What is Periodontal Disease?
Periodontal Disease is one of the most common and serious dental problems today. People of all ages may experience symptoms of this disease, which can lead to tooth loss if not detected early.
The accumulation of bacteria found around teeth is called “plaque”. When plaque is not removed for 24 hours or more, the plaque becomes calcified. Calcified debris around teeth is called “tartar” or “calculus”. Calculus is the “barnacle” that grows on human teeth. The bacteria (plaque) and build up of calculus cause bone loss. Eventually, teeth become loose, and may be lost.
Treatment can limit damage and help keep your mouth healthier. Laser Assisted New Attachment Procedure (LANAP) is the newest technology for treating periodontal disease.
Dr. Carol Stevens is trained and certified in LANAP and offers her patients this alternative to conventional gum surgery in her Port Charlotte office.
So whether you have healthy gums and want to keep them that way, or you already have gum disease and want to control it better, periodontist Carol W. Stevens, D.D.S., M.B.A. in Port Charlotte will help treat your mouth to a healthier You!
Why Choose Dr. Stevens?
Carol W. Stevens, D.D.S., M.B.A., is a board certified Periodontist specializing in the treatment and prevention of periodontal “gum disease” in Port Charlotte, Florida. Dr. Stevens is certified in Laser Assisted New Attachment Procedure (LANAP) for non-surgical treatment, as well as surgical treatments and advanced sedation techniques, if needed.
What Causes Periodontal Disease?
Periodontal diseases are generally caused by bacteria; however, there are other factors which contribute to bone destruction, tooth mobility, and tooth loss. Contributing factors to periodontal disease include all forms of tobacco use, tooth grinding or clenching, poor fitting crowns or restorations, food impaction, poor diet, and systemic diseases such as Diabetes and HIV/AIDS. There are prescription medications which may contribute to periodontal disease and/or gingival enlargement.
There are certain periodontal diseases which are more common in specific populations, families, and/or groups of people. Genetics plays a role in a person’s resistance or susceptibility to periodontal disease. Research has shown that approximately 40% of the disease process may be due to genetics, and 60% of the progression of the disease process is directly related to environmental issues which can be modified, and are under our control.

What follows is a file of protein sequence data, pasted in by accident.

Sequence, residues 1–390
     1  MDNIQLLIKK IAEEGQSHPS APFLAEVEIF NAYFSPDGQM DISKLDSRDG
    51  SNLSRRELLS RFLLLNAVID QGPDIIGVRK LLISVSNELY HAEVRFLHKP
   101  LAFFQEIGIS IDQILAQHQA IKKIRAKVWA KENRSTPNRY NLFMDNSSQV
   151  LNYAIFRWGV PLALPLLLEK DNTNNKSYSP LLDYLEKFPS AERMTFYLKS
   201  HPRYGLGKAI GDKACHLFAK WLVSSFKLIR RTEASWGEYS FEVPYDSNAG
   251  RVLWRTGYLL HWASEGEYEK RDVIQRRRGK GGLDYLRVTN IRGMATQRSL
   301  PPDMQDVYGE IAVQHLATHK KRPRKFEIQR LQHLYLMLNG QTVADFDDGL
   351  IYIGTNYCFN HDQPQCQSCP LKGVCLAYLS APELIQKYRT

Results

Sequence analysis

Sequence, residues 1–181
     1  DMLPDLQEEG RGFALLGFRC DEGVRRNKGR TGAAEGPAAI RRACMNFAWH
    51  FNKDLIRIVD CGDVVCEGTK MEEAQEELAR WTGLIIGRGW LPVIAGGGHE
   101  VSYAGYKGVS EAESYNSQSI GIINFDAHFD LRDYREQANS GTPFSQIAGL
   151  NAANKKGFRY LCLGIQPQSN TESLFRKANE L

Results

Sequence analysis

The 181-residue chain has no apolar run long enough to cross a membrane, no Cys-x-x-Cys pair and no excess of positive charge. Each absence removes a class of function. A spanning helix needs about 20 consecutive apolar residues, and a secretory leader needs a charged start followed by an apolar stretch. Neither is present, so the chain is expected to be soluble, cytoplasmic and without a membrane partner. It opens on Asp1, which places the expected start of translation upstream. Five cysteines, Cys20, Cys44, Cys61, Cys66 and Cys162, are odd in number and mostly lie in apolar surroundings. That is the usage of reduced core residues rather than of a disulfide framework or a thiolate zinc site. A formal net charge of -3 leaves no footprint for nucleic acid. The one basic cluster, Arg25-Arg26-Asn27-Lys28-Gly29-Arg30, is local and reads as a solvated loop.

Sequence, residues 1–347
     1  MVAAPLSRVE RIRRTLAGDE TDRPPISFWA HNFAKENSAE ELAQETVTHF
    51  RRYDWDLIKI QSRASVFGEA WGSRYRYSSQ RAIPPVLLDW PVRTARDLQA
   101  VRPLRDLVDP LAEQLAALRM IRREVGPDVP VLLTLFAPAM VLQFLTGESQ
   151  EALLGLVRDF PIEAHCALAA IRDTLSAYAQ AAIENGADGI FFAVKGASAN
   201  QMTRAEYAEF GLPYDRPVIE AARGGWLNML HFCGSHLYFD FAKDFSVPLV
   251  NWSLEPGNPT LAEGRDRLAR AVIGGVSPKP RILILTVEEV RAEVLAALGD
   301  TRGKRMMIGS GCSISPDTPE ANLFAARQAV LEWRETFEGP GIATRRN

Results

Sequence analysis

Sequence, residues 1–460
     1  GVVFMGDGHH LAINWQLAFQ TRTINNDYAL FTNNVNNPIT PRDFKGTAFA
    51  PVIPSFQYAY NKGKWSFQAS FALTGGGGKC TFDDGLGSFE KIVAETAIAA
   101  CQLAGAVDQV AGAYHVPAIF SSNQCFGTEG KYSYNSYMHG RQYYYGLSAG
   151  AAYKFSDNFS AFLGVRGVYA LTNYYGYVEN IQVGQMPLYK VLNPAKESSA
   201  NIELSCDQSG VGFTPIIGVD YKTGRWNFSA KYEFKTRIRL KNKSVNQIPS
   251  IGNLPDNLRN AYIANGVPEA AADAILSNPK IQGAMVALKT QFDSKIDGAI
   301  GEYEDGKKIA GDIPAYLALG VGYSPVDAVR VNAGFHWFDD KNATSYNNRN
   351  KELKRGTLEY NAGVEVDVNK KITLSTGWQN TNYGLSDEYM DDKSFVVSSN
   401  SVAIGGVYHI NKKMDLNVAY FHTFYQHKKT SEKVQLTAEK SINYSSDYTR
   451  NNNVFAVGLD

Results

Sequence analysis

Periodontal disease is not normally painful. Most people do not know they have periodontal disease or bone loss until they begin to notice bleeding. Signs of periodontal disease include bleeding gums, lose teeth, drifting teeth, and bad breathe. Often patients are not aware that they have periodontal disease until their tooth is very loose.
Symptoms of Periodontal Disease
Periodontal disease often causes no symptoms, especially in its early stages!
But don’t be fooled. This “silent” disease can still damage the gums, bone, and other tissues that surround the teeth. Unless it’s treated, this damage will worsen. Eventually this can lead to tooth loss and require an extraction.
There is also evidence that the bacteria that cause periodontal disease are linked to more general health problems. These include heart disease, pregnancy complications, and other serious conditions.
Periodontal Disease Treatment
The good news is that treatment can limit damage and help keep your mouth healthier. Laser Assisted New Attachment Procedure (LANAP) is the newest technology for treating periodontal disease and is offered to patients in our Port Charlotte office as an alternative to conventional gum surgery.
So whether you have healthy gums and want to keep them that way, or you already have gum disease and want to control it better, contact Carol W. Stevens, D.D.S., M.B.A. in Port Charlotte and find out how Dr. Stevens can help. And – know that it CAN be treated!
Contact our office for an appointment: 941-743-7474
How to Prevent Periodontal Disease
The prevention of periodontal disease requires good oral hygiene, a healthy diet, and regular professional care. Good oral hygiene and regular periodontal cleanings are critical to maintaining bone levels, preventing bone loss, and tooth loss.
Periodontal Disease Maintenance
Most patients are able to avoid tooth loss with minimal professional care after the disease process has been managed. Thorough and regular periodontal maintenance therapy (cleaning) on a 3-month interval is most important to preventing tooth loss.
Regular, professional dental care and good oral hygiene contribute to avoiding tooth loss for a life time.
Stages of Periodontal Disease
This is the mildest form of periodontal disease. The gum becomes inflamed. The space between gum and tooth deepens, forming a pocket. Gums may become red and swollen, or may bleed when probed. Or, there may be no symptoms. Gingivitis can often be reversed with dental cleanings and regular brushing and flossing. Left untreated, it can progress to periodontitis.
With periodontitis, infection and inflammation spread to the bone supporting the teeth. Ligaments break down and the gums may recede (shrink back). Pockets deepen and can be difficult to keep clean. Redness, swelling, and bleeding may develop or worsen. Bacteria multiply, and infection begins to destroy the bone. As bone is destroyed, teeth may start to feel loose.
As periodontitis advances, pockets deepen even more and can fill with pus. Around the roots of the teeth, the gums may start to swell. Bone loss continues. The teeth may feel sensitive to heat or cold, and may hurt when brushed. Teeth loosen due to loss of bone and ligament. In some cases, teeth may need to be removed to keep periodontal disease from spreading.